I am writing regarding a proposal to construct a Burger King drive-thru restaurant at 7513 N. Clark (in the Gateway Shopping Center). The proposal requires an amendment to the planned development that underlies the Gateway Center Shopping Center. Any amendment to a planned development requires the approval of the Chicago Plan Commission and the Chicago City Council.
I sponsored a community meeting on the proposal in January. Approximately 40 people attended the meeting. In addition, my office received approximately 35 emails and telephone calls and an online petition regarding the project proposal.
Any zoning or land use issue in the 49th Ward that requires my approval or support undergoes an extensive evaluation process that starts with a review by the 49th Ward Zoning and Land Use Advisory Committee, a committee of neighborhood residents and representatives of the major community organizations in the ward. The Committee reviewed the proposal at two separate meetings. With one member dissenting, the Committee voted to recommend I support the proposed project.
After careful consideration of the Committee’s recommendation and the opinions and suggestions of the community residents who attended the meeting or corresponded with my office, I have decided toSUPPORT the proposed amendment to the Gateway Center planned development, allowing for the Burger King restaurant.
Below are the details of the proposal and my reasons for supporting it:
Burger King Corporation, and its franchisee Adam Velarde, propose constructing and operating a Burger King restaurant with a drive thru on the vacant “out-lot” that exists along Clark Street in the Gateway Center, just north of the building that houses the Dominick’s (see photo on left, courtesy of DNAinfo/Benjamin Woodard).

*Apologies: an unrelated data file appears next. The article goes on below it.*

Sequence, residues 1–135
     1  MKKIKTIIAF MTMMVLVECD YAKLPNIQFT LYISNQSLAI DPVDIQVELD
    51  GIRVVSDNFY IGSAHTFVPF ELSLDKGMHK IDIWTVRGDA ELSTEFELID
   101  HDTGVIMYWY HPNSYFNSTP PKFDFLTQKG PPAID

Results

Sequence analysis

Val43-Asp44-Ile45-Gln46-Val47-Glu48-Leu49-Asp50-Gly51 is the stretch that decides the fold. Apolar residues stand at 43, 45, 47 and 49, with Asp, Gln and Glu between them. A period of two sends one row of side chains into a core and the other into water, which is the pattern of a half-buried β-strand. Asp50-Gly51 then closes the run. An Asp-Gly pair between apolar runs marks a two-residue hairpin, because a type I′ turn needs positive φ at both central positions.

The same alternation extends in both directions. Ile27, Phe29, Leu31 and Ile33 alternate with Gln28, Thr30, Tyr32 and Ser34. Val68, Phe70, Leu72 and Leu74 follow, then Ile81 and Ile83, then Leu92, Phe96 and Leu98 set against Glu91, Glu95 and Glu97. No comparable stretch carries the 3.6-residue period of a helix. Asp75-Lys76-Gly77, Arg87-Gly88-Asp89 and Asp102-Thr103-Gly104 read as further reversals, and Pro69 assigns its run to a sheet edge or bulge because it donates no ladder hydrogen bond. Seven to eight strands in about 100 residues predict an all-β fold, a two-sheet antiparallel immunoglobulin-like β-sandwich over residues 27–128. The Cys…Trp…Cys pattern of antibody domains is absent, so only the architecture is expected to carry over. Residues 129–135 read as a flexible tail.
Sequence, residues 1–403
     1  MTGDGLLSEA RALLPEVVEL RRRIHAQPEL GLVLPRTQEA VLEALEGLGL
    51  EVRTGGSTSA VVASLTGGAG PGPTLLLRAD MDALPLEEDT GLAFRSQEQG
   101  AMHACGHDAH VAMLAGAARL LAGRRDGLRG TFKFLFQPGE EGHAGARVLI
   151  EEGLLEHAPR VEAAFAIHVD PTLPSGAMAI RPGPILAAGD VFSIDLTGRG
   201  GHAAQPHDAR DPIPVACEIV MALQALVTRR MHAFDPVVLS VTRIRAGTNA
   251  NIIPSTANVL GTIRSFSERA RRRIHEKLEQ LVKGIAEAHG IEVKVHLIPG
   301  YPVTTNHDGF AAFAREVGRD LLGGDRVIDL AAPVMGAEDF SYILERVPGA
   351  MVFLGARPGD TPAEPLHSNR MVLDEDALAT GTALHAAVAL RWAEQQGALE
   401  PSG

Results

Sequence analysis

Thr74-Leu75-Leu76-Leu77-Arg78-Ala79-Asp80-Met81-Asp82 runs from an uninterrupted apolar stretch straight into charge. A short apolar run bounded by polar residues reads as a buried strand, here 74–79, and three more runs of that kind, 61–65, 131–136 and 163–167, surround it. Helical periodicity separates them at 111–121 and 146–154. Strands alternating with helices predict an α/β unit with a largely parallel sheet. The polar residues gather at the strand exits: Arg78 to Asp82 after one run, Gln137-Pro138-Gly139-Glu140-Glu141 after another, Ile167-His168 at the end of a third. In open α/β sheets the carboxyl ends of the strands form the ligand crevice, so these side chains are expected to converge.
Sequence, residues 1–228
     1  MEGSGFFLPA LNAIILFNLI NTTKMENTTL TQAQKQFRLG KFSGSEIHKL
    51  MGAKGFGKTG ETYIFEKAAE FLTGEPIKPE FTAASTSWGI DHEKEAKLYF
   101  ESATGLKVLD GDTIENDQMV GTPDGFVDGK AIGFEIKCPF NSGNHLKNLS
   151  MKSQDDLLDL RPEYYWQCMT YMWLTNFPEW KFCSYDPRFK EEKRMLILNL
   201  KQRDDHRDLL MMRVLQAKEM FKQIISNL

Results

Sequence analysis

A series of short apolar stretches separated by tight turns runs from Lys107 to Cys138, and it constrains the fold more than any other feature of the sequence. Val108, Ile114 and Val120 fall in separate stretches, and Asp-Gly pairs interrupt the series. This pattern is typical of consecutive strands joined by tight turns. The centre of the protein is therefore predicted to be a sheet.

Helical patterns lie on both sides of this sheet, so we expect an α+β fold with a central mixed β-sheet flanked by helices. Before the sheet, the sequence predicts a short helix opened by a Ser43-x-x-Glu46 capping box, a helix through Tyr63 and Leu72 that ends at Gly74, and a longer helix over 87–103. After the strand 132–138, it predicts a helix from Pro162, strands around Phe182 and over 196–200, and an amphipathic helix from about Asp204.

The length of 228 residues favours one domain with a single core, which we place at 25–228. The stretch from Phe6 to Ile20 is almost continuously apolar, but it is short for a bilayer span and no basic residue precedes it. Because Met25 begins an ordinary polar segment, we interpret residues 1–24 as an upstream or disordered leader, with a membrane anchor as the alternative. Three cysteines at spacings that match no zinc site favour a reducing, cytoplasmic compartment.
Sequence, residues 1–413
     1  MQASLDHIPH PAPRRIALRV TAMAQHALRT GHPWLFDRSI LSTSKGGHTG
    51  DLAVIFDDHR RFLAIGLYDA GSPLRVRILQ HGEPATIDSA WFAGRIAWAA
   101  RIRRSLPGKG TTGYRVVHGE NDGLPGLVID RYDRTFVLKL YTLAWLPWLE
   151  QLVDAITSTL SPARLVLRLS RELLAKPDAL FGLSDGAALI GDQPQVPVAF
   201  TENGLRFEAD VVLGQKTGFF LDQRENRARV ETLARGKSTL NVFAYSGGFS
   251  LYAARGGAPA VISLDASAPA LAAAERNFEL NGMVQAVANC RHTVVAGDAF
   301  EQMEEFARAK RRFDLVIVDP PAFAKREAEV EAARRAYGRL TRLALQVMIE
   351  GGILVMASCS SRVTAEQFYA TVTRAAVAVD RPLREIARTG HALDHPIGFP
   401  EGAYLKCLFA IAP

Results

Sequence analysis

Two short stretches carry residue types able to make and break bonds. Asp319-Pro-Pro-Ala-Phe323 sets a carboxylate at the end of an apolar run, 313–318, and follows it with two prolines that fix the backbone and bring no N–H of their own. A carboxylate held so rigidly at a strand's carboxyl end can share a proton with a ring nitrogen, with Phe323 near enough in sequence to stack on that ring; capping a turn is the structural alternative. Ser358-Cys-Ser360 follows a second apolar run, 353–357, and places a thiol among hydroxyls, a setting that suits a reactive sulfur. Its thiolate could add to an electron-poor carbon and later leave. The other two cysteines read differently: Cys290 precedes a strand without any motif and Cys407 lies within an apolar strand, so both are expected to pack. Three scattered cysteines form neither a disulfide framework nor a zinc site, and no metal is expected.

When the shopping center was constructed fourteen years ago, the out-lot was intended to be developed at a later date for a commercial use compatible with the other tenants in the center. Despite aggressive marketing efforts on the part of the owners and managers of the Gateway Center, only one other serious proposal for the site has been proffered in the 14 years since the center opened.
In 2008, Panda Restaurant Group, Inc., proposed a Panda Express restaurant and drive-thru at the location. However, the Panda Express proposal called for the drive-thru lane to run immediately adjacent to the sidewalk along Clark Street with the restaurant located behind the drive-thru lane. The plan was so poorly conceived that I rejected it out of hand, as did Dominick’s, the anchor tenant in the center, which retains the right to approve any development that reduces parking in the Center.
A rendering of the proposed Burger King is pictured on the right. The current lot is 7,720 square feet in size and the proposed the building would be 2,598 square feet with 19 parking spaces located east of the restaurant.
The proposed restaurant would be constructed immediately adjacent to the sidewalk along Clark Street. The drive-thru lane, which would run behind the restaurant, allows for the “stacking” of eight cars and would be accessible by the existing entrances to the shopping center. No additional automobile entrances would be constructed. Patrons on foot would be able to enter the restaurant through an entrance on Clark Street.